I am trying to replicate this circuit:


Taken from AN679 [PDF link here]

I have a question regarding C17 - 0.47 uF. This is the capacitor which drops most of the voltage in the power supply part.

In application note, they have mentioned the voltage to be 630 V. I want to know the minimum safe voltage for the capacitor that I can choose for 220 VAC line (which can go up to 250 V in some cases). The objective is to reduce the size of the components and I feel that I might be able to find smaller capacitors if I go for a lower voltage.

Also, they have taken phase as the reference (GND?) while making the circuit. I know that we are dealing with ac circuit and this doesn't matter but is it a preferred way to do things? Should I invert the connections (phase and neutral entering at points K3 and K4) or leave it like that?

  • 2
    \$\begingroup\$ 250 V AC is 353 V peak so 400 V DC peak voltage might just be enough. Do also consider the class (and thus failure mode) for this capacitor, see: powerblog.vicorpower.com/2013/06/what-are-y-capacitors and make R21 a fusable resistor so that if C17 fails and shorts, R21 blows and prevents a fire. \$\endgroup\$ Jan 10, 2017 at 13:00
  • \$\begingroup\$ @fake - Thanks. On digikey, there is an option to select ac voltage for capacitors. Can I go for 300 VAC? \$\endgroup\$ Jan 10, 2017 at 13:02
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    \$\begingroup\$ I do not think connecting GND to either phase or neutral makes much of a difference, I consider the whole circuit live so no touchy-touchy. I would not expect neutral to be at ground potential anyway. Since the shunt resistor needs to be in the live line (makes sense, if it breaks all devices will be on neutral) I think the circuit as it is makes sense (live and neutral wise). \$\endgroup\$ Jan 10, 2017 at 13:03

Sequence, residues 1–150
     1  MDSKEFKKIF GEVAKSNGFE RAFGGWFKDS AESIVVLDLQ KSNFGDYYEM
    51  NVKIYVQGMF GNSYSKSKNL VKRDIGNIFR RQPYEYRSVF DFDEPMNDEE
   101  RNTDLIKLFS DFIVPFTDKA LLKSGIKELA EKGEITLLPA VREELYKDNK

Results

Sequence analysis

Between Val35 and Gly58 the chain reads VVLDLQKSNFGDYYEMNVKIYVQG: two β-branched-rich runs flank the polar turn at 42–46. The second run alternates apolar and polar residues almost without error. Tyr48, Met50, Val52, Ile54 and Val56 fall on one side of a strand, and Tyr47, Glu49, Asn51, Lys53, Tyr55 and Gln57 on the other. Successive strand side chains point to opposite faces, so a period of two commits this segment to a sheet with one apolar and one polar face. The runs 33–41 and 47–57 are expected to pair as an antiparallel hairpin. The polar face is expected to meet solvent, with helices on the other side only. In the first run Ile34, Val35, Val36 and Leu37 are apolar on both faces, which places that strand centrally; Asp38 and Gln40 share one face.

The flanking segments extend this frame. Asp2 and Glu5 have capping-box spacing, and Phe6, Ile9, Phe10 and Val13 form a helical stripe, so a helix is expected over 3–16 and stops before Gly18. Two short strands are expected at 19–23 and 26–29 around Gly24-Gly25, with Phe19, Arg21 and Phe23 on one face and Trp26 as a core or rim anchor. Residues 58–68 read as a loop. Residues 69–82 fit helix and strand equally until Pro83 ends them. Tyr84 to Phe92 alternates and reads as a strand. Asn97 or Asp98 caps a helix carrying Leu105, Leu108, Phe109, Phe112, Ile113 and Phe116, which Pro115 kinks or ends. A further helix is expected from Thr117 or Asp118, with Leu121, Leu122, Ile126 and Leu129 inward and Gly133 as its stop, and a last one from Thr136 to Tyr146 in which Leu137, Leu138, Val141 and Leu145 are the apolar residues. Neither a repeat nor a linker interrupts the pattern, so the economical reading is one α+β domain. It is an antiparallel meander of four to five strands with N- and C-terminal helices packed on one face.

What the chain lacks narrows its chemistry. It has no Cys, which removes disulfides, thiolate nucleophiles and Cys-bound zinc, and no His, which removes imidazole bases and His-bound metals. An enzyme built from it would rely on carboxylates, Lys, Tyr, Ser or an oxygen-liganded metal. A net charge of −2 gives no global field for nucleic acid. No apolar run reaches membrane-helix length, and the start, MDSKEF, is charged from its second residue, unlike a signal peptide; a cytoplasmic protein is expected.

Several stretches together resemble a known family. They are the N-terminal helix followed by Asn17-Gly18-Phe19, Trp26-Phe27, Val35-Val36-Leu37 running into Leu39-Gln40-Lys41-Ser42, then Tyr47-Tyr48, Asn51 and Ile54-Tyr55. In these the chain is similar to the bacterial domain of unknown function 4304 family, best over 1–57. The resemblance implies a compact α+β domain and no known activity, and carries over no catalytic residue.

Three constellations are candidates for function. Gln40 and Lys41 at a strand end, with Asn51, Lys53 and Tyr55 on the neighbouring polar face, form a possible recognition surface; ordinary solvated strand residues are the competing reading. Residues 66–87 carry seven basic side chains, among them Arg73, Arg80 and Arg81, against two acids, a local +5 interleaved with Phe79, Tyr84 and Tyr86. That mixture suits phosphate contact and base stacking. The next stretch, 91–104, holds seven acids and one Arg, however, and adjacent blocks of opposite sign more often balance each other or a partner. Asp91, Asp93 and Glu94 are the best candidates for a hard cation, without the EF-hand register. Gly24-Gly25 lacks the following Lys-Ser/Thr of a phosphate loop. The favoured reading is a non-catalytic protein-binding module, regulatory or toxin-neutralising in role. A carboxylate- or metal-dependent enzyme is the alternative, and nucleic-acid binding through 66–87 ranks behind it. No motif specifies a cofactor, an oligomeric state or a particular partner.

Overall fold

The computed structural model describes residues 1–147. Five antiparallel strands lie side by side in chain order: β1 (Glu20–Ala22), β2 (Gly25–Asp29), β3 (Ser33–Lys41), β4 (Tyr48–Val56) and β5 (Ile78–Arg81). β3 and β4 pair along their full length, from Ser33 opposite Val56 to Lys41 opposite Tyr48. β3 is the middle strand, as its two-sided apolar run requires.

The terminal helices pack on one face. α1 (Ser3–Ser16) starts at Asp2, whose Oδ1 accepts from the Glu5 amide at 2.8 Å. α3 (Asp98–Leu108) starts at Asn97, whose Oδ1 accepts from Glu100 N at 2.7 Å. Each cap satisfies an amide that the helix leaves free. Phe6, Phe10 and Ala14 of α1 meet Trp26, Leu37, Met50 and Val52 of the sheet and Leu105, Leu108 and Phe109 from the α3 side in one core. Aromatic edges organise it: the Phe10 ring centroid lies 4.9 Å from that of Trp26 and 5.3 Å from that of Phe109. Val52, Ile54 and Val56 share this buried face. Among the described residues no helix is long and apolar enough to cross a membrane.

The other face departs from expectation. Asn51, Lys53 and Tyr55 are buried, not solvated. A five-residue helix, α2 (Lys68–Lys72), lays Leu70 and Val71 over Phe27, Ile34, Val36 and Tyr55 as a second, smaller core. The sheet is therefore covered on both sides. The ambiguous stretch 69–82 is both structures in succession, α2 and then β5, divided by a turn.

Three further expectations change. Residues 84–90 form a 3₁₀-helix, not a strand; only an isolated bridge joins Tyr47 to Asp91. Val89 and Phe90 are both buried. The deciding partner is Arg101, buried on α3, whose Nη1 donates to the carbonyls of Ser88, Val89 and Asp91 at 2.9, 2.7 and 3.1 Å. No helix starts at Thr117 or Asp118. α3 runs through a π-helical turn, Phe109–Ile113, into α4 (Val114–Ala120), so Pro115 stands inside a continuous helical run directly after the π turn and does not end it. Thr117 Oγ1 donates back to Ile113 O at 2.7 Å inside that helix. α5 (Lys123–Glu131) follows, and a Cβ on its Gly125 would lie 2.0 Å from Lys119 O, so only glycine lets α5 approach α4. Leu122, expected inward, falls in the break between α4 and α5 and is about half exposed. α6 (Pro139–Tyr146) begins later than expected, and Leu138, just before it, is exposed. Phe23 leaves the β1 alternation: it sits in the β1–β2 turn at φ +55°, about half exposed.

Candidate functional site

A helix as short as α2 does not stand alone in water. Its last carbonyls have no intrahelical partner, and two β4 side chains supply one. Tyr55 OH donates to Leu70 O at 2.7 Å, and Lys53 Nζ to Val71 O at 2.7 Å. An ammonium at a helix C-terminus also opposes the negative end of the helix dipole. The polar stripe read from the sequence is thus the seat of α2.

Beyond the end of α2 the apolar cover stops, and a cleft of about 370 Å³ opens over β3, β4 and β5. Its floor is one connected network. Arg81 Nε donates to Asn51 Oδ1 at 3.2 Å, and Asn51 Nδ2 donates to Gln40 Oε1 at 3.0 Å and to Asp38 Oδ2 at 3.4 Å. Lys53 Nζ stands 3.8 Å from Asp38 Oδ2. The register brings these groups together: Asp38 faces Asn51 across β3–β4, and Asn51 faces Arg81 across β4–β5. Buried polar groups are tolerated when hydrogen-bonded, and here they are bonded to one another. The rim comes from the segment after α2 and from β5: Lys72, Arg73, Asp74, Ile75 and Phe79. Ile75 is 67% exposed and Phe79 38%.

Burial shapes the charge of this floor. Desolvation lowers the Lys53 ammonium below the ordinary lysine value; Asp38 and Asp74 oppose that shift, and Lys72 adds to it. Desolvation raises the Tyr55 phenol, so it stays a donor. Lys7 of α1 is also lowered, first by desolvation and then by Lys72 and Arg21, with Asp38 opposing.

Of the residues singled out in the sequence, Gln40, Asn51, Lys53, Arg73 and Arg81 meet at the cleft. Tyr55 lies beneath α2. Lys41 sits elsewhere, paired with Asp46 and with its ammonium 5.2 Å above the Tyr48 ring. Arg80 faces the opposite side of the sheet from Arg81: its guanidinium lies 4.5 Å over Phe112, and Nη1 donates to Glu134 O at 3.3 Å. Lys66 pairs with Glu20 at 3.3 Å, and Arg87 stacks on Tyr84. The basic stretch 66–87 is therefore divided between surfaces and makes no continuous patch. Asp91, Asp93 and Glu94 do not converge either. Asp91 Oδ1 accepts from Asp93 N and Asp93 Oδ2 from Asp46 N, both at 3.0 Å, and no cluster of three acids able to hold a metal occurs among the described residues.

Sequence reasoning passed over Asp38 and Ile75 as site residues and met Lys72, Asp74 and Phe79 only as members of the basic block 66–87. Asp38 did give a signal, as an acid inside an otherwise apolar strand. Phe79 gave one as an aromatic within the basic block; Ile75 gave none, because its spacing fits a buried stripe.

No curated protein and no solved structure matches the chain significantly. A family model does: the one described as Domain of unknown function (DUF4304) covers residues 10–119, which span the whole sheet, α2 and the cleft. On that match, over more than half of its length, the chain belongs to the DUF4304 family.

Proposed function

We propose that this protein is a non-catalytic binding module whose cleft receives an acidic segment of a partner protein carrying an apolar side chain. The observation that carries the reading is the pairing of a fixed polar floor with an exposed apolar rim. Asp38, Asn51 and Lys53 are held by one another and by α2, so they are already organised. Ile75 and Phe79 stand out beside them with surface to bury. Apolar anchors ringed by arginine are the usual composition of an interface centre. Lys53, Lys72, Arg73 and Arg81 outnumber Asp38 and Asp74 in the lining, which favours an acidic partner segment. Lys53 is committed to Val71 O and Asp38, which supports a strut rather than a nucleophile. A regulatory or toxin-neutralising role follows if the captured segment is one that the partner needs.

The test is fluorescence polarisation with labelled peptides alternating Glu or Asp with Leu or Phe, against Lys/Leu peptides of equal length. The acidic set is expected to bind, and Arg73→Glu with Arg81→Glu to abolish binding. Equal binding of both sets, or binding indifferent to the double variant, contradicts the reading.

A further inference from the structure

• \$\begingroup\$ Yes 300 VAC should be OK yes, but do check the datasheet that that is actually 300 VAC and that the maximum DC voltage is indeed 400 V DC. \$\endgroup\$ Jan 10, 2017 at 13:05
  • \$\begingroup\$ Thanks a lot @fake. You have answered all of my questions. Have a great day ahead :) \$\endgroup\$ Jan 10, 2017 at 13:17

1 Answer 1


You not only need a voltage rating, you need a type of capacitor, one that is rated to be connected directly to mains.

Choose a 250v X2 rated capacitor.

Now, although the voltage on this part doesn't look like enough for 240v connection, it is rated to be connected to UK mains, which can suffer frequent transients of 1500v, and infrequently much more. In addition, it is 'self healing', in that if a large over voltage causes a breakdown of the dielectric, the metalisation is segmented so that just one small portion will short circuit, and disconnect itself from the rest of the capacitor.

To get the equivalent performance and safety in a non mains rated capacitor, you would need one rated for several kV.

  • \$\begingroup\$ And that X2 means: Can withstand 2.5KV impulse voltage indeed a good (sane) choice. \$\endgroup\$ Jan 10, 2017 at 13:22

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